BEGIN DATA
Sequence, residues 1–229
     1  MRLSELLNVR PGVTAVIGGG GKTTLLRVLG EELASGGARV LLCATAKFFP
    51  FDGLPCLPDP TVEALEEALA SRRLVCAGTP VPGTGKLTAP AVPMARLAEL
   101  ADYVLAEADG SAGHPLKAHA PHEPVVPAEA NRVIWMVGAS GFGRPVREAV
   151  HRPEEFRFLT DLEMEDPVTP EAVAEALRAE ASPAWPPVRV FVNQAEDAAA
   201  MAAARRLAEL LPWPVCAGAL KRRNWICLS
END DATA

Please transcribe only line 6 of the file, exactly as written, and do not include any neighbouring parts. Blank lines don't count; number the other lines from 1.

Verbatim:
   201  MAAARRLAEL LPWPVCAGAL KRRNWICLS